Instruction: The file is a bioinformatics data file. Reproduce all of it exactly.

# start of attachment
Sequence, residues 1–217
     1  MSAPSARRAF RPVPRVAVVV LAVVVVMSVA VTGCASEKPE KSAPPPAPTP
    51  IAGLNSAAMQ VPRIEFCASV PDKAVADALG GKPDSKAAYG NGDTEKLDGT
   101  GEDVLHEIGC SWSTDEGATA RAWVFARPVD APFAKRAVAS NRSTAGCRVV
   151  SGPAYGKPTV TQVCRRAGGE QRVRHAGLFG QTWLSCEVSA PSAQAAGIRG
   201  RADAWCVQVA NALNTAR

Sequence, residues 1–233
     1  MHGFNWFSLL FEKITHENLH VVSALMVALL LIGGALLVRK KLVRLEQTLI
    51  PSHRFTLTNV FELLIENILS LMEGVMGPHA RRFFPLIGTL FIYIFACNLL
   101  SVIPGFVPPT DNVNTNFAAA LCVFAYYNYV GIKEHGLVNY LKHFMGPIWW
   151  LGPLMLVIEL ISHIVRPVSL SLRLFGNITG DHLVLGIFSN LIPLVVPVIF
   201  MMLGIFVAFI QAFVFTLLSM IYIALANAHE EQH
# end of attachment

Sequence, residues 1–217
     1  MSAPSARRAF RPVPRVAVVV LAVVVVMSVA VTGCASEKPE KSAPPPAPTP
    51  IAGLNSAAMQ VPRIEFCASV PDKAVADALG GKPDSKAAYG NGDTEKLDGT
   101  GEDVLHEIGC SWSTDEGATA RAWVFARPVD APFAKRAVAS NRSTAGCRVV
   151  SGPAYGKPTV TQVCRRAGGE QRVRHAGLFG QTWLSCEVSA PSAQAAGIRG
   201  RADAWCVQVA NALNTAR

Sequence, residues 1–233
     1  MHGFNWFSLL FEKITHENLH VVSALMVALL LIGGALLVRK KLVRLEQTLI
    51  PSHRFTLTNV FELLIENILS LMEGVMGPHA RRFFPLIGTL FIYIFACNLL
   101  SVIPGFVPPT DNVNTNFAAA LCVFAYYNYV GIKEHGLVNY LKHFMGPIWW
   151  LGPLMLVIEL ISHIVRPVSL SLRLFGNITG DHLVLGIFSN LIPLVVPVIF
   201  MMLGIFVAFI QAFVFTLLSM IYIALANAHE EQH